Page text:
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Stocks, Bonds and Boston Condos

Posted by Scott Van Voorhis August 20, 2014 08:51 AM

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Why buy stocks and bonds when you can snap up a downtown Boston condo and do about as well?

Plus, you will have an awesome place to live while you count your money.

Measured simply as investments, Boston condos match up pretty favorably with the performance of the S&P 500 and some futures commodities, such as hogs.

New condo versus pork bellies? No contest there!

The average condo price in Boston has risen more than 71 percent since 2000. At the start of the 21st century, the average condo price in downtown Boston was $438,000. By the end of last year, it has hit nearly $752,000, notes Kevin Ahearn, head of top Boston condo marketing, research and brokerage firm, Otis & Ahearn.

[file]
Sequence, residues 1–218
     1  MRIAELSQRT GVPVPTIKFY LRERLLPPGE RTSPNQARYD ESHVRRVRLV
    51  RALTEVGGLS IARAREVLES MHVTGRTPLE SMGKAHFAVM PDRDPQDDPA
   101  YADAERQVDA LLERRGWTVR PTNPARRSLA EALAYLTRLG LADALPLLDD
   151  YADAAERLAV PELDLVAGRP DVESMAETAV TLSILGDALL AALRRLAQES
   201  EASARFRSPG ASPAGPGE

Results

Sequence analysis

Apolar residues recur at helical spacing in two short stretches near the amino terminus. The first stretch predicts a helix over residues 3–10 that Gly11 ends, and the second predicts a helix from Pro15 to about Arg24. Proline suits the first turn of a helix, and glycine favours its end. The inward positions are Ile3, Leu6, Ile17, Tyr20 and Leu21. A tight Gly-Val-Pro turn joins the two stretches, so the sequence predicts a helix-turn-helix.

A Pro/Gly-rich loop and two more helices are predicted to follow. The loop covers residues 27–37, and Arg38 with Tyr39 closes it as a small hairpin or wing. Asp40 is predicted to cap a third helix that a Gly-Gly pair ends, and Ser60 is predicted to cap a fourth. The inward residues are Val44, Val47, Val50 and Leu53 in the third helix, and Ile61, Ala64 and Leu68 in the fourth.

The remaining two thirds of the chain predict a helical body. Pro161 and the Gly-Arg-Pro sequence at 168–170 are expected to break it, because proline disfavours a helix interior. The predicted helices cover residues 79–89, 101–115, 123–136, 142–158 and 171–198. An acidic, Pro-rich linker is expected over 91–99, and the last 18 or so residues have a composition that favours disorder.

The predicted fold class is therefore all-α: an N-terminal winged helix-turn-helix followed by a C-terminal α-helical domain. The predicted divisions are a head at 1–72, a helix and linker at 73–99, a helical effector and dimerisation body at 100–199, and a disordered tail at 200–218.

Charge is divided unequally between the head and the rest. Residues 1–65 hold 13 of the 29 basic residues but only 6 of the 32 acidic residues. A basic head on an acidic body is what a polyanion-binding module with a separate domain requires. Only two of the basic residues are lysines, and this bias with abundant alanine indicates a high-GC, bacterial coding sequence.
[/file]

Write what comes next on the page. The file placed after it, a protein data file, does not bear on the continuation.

That factors out to a compound return of 3 to 5 percent. In fact, the only time the market hit a snag was in early 2009, when impact of the financial crisis finally hit home in the real estate market.

But it turned out to be only a temporary pause in a long, upward climb, Ahearn notes.

"It's a very compelling number if you think about what's happened in the world," Ahearn says.

It's also not bad considering Manhattan condos churned out an annual return of 6.5 percent over the last decade, while the S&P 500 averaged 5.56 percent, The Wall Street Journal reports in its Spread Sheet column.

Commodities were a little harder to beat. Boston condos stack up well with hogs, which had a return of 5.3 percent.

But gold and oil are still king, weighing in at nearly 13 and 11 percent respectively, the Journal reports.

This blog is not written or edited by or the Boston Globe.
The author is solely responsible for the content.

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Scott Van Voorhis is a freelance writer who specializes in real estate and business issues.

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